Geelong Library or The Dome

It's easy to see why Geelong Library is called The Dome. Image: Supplied

RACV City Club Library

501 Bourke Street, Melbourne

The RACV City Club Library is a cosy reading and research nook full of non-fiction titles on motoring, sport, finance, food and wine, walking and travel, and much more. The library also hosts over 900 rare books on motoring and military history, with some titles over 100 years old. There are fiction and children's books are well if you're after a lighter read. A dedicated computer room and free Wi-Fi rounds out this distinguished library for digitally inclined visitors. The RACV City Club Library also regularly hosts art talks and is a popular venue for wedding ceremonies.

Club members staying at the RACV Healesville Country Club can access another library onsite, which specialises in tomes on golf, gardening, sport, travel and local history.


Bunjil Place Library, Narre Warren

1A/2 Patrick NE Drive, Narre Warren

Nestled in Melbourne’s eastern suburb Narre Warren, the Bunjil Place Library is a beautiful three-storey library with an authentic community atmosphere. Its outdoor reading garden is a peaceful place to catch up on some reading in the sunshine. Children have the whole ground floor to themselves, with bean bags, games and plenty of picture books and chapter books. Just a short walk away is an art gallery, theatre, studio, café and plaza with a giant outdoor screen that showcases everything from film festivals to live music events. In 2023 Bunjil Place Library will add baby, toddler and pre-schooler programs to its repertoire, plus a kids’ book club, LEGO club, craft club, and STEM club.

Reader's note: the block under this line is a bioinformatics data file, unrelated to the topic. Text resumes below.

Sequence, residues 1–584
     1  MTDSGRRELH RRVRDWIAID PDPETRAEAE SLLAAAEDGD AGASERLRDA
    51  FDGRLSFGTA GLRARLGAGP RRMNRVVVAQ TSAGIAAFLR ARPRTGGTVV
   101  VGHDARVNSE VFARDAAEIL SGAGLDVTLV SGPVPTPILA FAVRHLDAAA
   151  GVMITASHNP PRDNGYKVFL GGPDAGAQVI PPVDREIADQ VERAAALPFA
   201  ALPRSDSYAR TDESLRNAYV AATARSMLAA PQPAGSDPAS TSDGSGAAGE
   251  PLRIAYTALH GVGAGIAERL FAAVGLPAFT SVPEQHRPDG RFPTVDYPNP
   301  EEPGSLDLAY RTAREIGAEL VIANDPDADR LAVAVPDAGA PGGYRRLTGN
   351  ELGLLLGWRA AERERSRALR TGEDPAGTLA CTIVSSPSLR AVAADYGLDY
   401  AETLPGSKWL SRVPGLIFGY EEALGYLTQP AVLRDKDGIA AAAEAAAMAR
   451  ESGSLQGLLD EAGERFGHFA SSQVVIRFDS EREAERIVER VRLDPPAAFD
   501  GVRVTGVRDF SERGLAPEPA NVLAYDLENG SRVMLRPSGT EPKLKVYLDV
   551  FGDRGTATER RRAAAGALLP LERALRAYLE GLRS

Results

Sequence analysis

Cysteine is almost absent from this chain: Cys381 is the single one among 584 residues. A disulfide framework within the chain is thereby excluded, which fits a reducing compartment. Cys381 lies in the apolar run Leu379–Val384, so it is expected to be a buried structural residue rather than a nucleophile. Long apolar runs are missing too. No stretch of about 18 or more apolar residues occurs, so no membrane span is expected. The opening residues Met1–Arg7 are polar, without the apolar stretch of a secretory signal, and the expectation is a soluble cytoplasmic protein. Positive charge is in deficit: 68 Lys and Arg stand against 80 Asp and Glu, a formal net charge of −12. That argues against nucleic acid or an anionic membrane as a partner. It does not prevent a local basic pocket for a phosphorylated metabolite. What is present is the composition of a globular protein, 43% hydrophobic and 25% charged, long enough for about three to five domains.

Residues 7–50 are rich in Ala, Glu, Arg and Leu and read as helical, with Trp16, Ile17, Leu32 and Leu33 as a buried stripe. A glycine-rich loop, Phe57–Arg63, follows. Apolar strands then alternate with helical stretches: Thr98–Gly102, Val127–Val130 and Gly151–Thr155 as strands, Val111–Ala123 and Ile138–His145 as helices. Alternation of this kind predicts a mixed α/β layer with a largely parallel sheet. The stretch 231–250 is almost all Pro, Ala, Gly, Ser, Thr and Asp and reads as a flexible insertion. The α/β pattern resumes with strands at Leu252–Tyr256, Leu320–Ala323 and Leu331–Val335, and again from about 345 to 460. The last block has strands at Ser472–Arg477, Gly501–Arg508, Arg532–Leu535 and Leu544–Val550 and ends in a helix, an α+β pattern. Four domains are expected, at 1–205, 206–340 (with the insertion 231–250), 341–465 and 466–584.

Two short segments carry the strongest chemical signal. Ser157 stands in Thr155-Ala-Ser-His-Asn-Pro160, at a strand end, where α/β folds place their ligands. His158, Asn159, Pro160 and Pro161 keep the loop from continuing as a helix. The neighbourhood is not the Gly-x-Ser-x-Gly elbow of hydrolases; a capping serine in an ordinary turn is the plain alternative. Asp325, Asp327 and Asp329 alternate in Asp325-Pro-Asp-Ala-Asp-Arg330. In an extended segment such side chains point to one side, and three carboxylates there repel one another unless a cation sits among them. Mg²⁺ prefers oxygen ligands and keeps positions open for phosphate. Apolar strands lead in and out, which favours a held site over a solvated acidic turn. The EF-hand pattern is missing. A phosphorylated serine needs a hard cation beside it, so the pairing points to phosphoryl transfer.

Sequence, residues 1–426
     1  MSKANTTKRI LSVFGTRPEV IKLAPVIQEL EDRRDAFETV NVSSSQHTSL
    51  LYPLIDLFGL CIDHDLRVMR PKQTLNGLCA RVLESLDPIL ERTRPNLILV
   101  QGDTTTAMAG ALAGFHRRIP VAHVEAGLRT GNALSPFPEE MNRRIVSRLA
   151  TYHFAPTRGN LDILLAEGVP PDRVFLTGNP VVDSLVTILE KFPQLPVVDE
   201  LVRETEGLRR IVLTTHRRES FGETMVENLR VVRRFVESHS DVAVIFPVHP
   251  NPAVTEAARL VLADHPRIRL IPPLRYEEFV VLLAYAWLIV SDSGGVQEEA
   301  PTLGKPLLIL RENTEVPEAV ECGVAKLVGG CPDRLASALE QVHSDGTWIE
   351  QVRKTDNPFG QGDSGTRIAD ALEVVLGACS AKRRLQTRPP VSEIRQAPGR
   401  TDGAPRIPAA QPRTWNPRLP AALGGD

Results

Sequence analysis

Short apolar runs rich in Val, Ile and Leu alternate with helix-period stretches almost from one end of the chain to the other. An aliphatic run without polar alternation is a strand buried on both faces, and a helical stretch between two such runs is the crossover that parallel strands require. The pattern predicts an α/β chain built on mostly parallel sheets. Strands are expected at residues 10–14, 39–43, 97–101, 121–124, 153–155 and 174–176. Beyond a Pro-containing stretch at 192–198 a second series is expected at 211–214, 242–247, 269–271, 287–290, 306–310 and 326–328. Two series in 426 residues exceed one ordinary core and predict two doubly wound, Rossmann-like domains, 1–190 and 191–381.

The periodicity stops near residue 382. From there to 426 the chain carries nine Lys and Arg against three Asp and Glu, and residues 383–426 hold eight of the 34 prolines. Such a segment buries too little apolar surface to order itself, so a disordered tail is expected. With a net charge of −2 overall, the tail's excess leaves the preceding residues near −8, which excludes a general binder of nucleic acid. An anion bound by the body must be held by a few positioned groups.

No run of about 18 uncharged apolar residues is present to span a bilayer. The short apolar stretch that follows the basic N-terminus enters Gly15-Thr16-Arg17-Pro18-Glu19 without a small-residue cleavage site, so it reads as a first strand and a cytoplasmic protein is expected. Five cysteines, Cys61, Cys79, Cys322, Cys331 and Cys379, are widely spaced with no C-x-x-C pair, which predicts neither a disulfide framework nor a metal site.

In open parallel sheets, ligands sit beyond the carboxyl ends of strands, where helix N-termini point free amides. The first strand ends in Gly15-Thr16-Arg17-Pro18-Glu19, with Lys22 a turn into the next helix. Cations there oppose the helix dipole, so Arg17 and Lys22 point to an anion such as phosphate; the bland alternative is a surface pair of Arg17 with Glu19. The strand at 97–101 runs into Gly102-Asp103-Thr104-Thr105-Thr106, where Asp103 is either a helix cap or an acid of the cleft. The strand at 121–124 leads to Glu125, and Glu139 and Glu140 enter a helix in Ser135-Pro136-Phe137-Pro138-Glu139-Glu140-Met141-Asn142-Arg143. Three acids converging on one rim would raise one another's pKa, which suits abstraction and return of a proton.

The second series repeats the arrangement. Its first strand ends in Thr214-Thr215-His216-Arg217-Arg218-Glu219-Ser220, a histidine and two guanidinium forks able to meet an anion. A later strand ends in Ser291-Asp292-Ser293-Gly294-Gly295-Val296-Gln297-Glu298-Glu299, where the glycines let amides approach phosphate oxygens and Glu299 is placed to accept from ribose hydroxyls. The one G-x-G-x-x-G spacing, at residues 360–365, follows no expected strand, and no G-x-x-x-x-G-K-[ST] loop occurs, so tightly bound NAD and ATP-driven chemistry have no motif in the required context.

Bunjil Place Narre Warren

Bunjil Place Library in Narre Warren is highly aesthetic. Image: Supplied

Wodonga Library Gallery

126 Hovell Street, Wodonga

Art meets literature at Wodonga Library Gallery (also called Hyphen) in the state’s north-east: a full library that doubles as an art gallery. Along with the usual fiction and non-fiction, Hyphen offers a range of large print books, plus borrowable eBooks and audiobooks via BorrowBox. Wodonga residents who can’t make it to the library due to poor health or disability can have material delivered to their door fortnightly using the free home library service. Regular library users can hire meeting rooms, join a book club, or attend all sorts of fun activities like drawing sessions, LEGO free play, or coding workshops.


Warrnambool Library and Learning Centre

8 Kepler Street, Warrnambool

The new Warrnambool Library and Learning Centre, found in the beautiful coastal city of Warrnambool on the Great Ocean Road, opened in October 2022 after a $20.25 million upgrade. It’s four times the area of Warrnambool’s previous library, with views to the ocean, an agora staircase, gardens, an onsite café, bookable meeting rooms, and dedicated areas for children, youths, tech, and quiet reading. Everyone is welcome at this public library, which is full of books, magazines, newspapers, multimedia resources, local history materials and online services for all ages and abilities. Soft lighting and comfy chairs make the Warrnambool Library and Learning Centre a choice place to curl up with your latest read.